Summary of Probability

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1 Summary of Probability Mathematical Physics I Rules of Probability The probability of an event is called P(A), which is a positive number less than or equal to 1. The total probability for all possible exclusive outcomes should be 1. The joint probability of two different events is denoted P(A,B). Conditional probability (probability of A given B) Independence,, Law of total probability, Bayes Theorem Expectation value of a function Probability density function (p.d.f.) Here we have assumed that the outcomes are discrete, but they also hold for continuous measurements. In this case, the probability is described by a p.d.f., such that. Sums over all possible discrete outcomes become integrals over possible results, 1,. Cumulative probability function

2 Common probability distributions A few distribution functions arise quite often. Here are a few, along with the corresponding mean ( ) and variance (.) These help describe the average and the width (or dispersion) of the distributions. Uniform distribution One common distribution is uniform; this occurs for example in coin flips or dice rolls. For discrete distributions, the probability of any event is p i = 1/N, where N is the number of possible outcomes. Examples include drawing a random card or rolling a die. For continuous distributions, the p.d.f. is f(x) = 1/λ, where λ = x max x min is the range possible values and must be finite. The mean of this distribution is /2, and the variance is /12. Binomial distribution Suppose you have a number of independent trials with two possible outcomes (A and B), such as flipping coins, with probabilities given as and 1. The distribution of the number of times A is seen given trials is given by the binomial distribution:! 1!! The mean of this distribution is, and its variance is 1. Poisson distribution This is a discrete distribution described by! 0, 1, 2, 3, This often occurs in counting statistics, and is the limit of other important distributions, like the binomial distribution in the large n limit.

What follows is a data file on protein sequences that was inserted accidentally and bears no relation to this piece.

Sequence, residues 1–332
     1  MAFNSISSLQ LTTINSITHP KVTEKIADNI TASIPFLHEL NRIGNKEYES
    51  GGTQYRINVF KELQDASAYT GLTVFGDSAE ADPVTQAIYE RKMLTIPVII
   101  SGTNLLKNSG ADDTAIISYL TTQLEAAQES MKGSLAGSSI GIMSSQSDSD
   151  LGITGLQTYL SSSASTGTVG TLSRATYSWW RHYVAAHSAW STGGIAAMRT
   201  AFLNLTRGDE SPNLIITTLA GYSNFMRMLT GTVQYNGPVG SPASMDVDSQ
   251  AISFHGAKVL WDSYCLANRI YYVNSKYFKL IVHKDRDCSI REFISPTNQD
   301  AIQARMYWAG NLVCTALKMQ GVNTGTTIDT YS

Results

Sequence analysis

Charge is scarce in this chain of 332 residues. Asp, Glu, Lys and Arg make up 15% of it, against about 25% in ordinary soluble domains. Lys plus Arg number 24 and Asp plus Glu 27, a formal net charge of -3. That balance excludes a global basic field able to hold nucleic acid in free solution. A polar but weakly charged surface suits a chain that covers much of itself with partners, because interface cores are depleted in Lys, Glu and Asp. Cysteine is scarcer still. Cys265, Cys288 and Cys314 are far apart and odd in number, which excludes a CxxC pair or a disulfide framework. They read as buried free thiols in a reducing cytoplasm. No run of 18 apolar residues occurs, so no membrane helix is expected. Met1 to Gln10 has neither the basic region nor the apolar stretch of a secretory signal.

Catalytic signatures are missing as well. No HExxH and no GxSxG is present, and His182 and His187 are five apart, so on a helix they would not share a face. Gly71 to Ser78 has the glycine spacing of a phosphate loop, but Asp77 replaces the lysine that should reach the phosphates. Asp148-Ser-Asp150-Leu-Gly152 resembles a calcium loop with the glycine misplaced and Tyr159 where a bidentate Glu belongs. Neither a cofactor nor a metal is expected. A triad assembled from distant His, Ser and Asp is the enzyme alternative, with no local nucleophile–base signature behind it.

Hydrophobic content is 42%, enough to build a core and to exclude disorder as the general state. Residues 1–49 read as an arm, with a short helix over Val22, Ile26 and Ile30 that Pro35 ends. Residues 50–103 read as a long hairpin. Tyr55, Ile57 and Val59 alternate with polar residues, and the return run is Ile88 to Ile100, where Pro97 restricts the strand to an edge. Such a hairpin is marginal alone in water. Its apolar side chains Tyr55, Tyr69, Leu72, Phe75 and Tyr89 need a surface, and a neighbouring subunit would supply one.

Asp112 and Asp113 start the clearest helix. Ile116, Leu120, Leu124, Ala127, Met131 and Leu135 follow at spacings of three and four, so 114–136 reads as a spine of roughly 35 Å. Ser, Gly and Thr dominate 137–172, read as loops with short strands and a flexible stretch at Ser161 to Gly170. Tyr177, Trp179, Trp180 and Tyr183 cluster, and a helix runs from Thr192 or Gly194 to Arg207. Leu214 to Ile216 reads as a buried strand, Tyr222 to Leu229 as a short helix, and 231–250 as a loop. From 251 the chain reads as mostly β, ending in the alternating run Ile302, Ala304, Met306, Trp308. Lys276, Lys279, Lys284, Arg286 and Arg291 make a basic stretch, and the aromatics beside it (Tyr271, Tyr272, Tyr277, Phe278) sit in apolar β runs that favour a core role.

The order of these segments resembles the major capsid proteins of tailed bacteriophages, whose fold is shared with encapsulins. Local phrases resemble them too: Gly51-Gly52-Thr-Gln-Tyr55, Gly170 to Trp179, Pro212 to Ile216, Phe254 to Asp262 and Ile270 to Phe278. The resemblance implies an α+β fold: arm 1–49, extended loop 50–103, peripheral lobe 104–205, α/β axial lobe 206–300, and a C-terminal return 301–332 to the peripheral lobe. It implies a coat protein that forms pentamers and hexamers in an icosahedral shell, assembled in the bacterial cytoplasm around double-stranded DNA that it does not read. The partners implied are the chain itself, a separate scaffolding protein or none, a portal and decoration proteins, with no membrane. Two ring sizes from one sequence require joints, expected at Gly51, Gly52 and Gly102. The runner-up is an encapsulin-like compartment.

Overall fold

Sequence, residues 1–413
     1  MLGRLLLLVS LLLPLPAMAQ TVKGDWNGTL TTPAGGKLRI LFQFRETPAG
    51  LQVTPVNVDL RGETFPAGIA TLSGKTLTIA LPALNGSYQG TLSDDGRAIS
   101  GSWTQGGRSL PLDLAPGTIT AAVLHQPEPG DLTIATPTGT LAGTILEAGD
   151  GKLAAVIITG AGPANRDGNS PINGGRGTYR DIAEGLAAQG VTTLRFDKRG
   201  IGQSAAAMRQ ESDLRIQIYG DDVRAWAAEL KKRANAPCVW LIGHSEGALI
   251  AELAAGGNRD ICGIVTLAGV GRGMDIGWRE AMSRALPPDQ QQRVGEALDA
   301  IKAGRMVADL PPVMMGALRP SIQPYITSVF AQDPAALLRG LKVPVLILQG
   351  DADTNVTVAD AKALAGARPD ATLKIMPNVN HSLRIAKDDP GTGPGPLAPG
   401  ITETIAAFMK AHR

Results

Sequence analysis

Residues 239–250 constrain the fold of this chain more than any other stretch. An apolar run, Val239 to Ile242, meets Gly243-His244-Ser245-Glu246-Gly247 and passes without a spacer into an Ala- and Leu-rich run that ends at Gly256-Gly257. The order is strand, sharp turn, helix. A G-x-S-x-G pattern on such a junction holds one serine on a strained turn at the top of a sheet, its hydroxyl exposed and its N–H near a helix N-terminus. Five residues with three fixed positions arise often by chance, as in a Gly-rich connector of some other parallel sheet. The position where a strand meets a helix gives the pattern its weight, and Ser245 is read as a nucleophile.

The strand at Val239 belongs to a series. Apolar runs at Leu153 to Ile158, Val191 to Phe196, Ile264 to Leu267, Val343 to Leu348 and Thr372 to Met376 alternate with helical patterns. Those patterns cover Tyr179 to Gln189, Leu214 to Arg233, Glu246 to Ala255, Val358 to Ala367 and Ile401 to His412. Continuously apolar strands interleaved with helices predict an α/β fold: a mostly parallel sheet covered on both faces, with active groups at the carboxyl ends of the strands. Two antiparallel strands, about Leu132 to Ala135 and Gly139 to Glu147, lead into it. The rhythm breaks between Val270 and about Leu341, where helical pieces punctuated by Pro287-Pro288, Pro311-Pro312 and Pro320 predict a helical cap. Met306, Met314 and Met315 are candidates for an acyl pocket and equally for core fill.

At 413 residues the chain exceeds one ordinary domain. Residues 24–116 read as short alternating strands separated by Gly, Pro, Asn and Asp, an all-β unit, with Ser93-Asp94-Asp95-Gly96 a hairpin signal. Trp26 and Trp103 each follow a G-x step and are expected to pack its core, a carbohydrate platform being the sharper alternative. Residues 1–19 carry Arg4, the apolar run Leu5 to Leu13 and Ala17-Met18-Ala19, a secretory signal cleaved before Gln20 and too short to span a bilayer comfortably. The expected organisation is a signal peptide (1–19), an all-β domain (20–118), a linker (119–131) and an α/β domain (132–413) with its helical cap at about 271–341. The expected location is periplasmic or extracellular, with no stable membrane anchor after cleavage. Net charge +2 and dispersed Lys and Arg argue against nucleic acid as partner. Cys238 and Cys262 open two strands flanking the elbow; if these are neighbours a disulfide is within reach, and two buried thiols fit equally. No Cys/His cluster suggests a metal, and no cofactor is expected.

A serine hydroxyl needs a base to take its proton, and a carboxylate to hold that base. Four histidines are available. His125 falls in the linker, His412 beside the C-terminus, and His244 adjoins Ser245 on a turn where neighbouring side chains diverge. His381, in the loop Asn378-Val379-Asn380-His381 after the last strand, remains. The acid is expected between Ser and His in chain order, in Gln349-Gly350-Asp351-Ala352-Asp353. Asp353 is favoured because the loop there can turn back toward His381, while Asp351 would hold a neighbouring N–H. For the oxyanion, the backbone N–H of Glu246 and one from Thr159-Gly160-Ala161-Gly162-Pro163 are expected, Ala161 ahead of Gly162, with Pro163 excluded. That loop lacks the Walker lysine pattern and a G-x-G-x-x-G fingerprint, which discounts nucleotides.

3 Gaussian distribution The Gaussian distribution is also known as the normal distribution,,, and is one of the most important distributions in statistics: 1 2 /... Moments (or integrals) of the normal distribution: 1 The Central Limit theorem says that if you add many like variables together, the distribution of their sums will approach a Gaussian, even if the original distributions are not Gaussian! The probability of falling within a gap near the peak of the Gaussian distribution is: Range Probability of falling in range 68.27% % % Such calculations can be made using the cumulative integral of the Gaussian function, which is closely related to the Error function. This is usually compiled in tables like in Appendix H of Jordan & Smith. Φx 1 2π e dt